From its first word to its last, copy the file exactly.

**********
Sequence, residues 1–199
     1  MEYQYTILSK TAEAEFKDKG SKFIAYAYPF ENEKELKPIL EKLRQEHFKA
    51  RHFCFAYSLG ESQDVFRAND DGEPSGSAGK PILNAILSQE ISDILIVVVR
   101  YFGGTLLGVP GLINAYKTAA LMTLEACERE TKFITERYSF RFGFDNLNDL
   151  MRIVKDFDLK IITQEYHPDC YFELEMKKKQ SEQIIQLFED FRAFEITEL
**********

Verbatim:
Sequence, residues 1–199
     1  MEYQYTILSK TAEAEFKDKG SKFIAYAYPF ENEKELKPIL EKLRQEHFKA
    51  RHFCFAYSLG ESQDVFRAND DGEPSGSAGK PILNAILSQE ISDILIVVVR
   101  YFGGTLLGVP GLINAYKTAA LMTLEACERE TKFITERYSF RFGFDNLNDL
   151  MRIVKDFDLK IITQEYHPDC YFELEMKKKQ SEQIIQLFED FRAFEITEL